OMRO - We're learning more about the death of a skydiving instructor during a tandem jump.
It appears the wind played a role in Tuesday's jump which ended with an instructor's death.
The owner of Skydive Adventure in Omro, Bill Hasenfus said Thursday he tried to stop the jump when he saw a storm rolling in, but that didn't happen.
Strong winds pushed the skydiving team off course and into Lake Butte des Morts around 12:30 Tuesday.
The student was able to swim to shore, but the instructor, 55-year-old Paul Olsen, didn't make it. Officials say he drowned.
Jumping resumed at Skydive Adventure Thursday after the death of Olsen.
Skydive Adventure owner, Bill Hasenfus, says before the jump, he and Olsen discussed canceling it because of a coming storm.
"But it looked far enough away that well, I talked to Paul, I said what do you think Paul, and he said let's go for it. I said well if it looks bad, land," said Hasenfus.
Hasenfus says he watches the weather constantly and when he saw conditions take a turn for the worse, he radioed the pilot to abort the jump.
"The winds picked up real strong and sheets of rain it hit us, the wind sure hit us, and I radioed the airplane real quick, and said go over to Oshkosh," said Hasenfus.
When Hasenfus got to Oshkosh, he says only the pilot was on board the plane. No skydivers. The pilot said he didn't hear the transmission until after the tandem jumped.
"Paul made a decision. He had a bigger eye view of the storm than we did from the air. He made a decision and jumped. That was his decision," said Hasenfus.
The tandem jumpers were supposed to land near the Omro airport. Instead they landed in Lake Butte des Morts near the Leonard Point Road Boat Launch.
Hasenfus says he's spoken with the surviving jumper, a man who was visiting from Mexico.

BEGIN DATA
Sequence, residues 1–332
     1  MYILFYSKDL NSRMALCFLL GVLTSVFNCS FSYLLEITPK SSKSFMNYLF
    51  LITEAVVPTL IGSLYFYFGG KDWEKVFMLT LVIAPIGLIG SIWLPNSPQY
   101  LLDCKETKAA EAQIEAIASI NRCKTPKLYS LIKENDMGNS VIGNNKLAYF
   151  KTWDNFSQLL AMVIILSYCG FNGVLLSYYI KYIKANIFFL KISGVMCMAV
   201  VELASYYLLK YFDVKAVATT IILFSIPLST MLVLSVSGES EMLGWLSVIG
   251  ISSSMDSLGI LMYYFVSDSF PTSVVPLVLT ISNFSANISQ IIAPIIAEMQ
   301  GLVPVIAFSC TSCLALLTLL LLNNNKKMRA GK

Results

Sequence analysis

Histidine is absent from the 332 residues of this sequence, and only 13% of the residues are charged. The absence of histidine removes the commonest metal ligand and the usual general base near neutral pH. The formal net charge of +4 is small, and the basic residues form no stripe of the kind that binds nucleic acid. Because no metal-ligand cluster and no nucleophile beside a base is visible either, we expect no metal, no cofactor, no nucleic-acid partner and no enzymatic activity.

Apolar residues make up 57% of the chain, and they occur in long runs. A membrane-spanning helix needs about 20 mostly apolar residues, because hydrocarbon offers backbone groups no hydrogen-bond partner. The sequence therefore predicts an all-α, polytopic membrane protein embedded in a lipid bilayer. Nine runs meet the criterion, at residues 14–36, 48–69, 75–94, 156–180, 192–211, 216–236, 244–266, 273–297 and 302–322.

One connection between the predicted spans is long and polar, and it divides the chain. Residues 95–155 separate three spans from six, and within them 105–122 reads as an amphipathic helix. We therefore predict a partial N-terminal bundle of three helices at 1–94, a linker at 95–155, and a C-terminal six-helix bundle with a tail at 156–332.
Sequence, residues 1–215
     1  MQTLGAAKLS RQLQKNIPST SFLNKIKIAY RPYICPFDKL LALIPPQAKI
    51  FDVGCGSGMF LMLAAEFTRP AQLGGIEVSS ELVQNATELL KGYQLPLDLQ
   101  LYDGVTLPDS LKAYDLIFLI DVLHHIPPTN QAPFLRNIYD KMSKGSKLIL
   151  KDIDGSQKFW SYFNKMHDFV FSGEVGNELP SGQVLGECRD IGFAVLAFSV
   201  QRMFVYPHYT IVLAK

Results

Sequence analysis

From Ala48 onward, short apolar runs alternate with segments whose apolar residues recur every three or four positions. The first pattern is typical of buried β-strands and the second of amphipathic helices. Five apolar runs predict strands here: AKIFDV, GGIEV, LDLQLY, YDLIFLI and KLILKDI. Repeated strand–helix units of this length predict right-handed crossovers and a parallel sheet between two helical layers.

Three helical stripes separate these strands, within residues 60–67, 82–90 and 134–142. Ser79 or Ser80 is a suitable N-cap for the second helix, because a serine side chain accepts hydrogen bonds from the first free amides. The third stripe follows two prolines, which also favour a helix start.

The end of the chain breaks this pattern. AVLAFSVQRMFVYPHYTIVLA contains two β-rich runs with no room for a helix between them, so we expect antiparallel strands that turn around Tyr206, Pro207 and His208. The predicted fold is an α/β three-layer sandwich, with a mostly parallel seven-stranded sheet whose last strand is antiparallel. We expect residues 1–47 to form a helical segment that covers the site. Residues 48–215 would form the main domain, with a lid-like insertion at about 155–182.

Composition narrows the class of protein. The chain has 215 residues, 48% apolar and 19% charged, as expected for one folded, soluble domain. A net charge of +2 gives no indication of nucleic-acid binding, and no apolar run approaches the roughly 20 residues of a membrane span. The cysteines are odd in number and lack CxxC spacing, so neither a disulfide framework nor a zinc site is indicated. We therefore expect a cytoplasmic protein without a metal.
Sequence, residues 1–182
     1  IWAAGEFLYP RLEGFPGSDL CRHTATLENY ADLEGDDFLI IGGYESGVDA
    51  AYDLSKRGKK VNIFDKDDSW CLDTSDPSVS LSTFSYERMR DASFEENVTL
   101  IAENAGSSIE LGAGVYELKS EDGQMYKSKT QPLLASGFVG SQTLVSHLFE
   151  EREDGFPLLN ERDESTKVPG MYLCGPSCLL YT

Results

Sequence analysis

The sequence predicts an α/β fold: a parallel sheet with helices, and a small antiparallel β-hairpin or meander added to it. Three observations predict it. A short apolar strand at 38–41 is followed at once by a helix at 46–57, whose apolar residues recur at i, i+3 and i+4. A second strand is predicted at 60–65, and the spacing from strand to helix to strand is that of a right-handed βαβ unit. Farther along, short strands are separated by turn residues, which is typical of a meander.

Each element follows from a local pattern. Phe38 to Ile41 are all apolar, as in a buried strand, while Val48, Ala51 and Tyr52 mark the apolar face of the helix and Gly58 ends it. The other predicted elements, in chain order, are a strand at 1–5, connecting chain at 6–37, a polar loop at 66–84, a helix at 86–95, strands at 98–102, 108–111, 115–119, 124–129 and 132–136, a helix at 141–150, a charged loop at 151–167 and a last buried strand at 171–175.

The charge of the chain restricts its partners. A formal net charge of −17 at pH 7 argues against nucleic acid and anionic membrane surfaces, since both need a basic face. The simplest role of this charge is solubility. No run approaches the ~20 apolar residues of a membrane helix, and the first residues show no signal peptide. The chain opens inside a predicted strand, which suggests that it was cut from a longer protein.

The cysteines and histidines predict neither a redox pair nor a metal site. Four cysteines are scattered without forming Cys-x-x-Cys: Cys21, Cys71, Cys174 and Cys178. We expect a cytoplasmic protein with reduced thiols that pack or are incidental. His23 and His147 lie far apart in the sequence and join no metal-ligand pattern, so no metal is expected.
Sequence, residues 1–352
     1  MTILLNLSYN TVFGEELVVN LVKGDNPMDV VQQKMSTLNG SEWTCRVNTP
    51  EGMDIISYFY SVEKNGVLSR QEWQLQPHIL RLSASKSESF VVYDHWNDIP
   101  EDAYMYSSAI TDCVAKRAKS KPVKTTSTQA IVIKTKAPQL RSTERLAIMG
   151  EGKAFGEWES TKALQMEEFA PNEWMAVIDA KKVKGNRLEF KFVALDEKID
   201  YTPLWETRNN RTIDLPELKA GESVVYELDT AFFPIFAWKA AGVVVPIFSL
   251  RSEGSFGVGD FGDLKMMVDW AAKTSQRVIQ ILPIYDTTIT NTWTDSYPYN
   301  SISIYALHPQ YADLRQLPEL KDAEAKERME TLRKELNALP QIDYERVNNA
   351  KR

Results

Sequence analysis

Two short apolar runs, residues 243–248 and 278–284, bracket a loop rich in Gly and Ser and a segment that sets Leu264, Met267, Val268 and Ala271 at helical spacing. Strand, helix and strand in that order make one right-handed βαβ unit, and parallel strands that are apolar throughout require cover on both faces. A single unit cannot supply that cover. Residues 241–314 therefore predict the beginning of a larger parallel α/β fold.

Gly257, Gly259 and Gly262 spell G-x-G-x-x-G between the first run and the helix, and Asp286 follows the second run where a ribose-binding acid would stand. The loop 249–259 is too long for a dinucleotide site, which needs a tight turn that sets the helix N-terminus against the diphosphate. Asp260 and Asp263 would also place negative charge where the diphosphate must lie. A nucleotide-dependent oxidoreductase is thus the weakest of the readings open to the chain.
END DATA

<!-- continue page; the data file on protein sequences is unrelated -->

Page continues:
"He said they landed in the water and they started swimming for shore. They disconnected, got out of the harness and started swimming for shore. Paul said just swim for shore, and they were swimming kind of together, and he got to a weed bed to stand up, and he looked around and Paul was gone," said Hasenfus.
Not only did Olsen have 5,000-plus jumps under his belt, Hasenfus says he was also an experienced swimmer and scuba diver.
"We just don't know why he never made it," said Hasenfus. "We feel really bad, he was like family you know - it's quite a loss."
"Out of everybody out here, he was the most experienced skydiver out here," said Gary Martzahl, tandem skydive instructor.
Olsen's co-workers say they're also saddened by Olsen's unexpected death.
"He was always upbeat, really liked working with the students. When we'd get done with the day we'd sit around and talk, watch movies, stuff like that, videos of the day," said Martzahl.
The Winnebago County Sheriff's Department continues to investigate the death.
The FAA is looking into the packing of the chutes, flight procedures, the pilot's certification and training, and the aircraft's certification and maintenance.
FAA officials say it could be several weeks before their investigation concludes.
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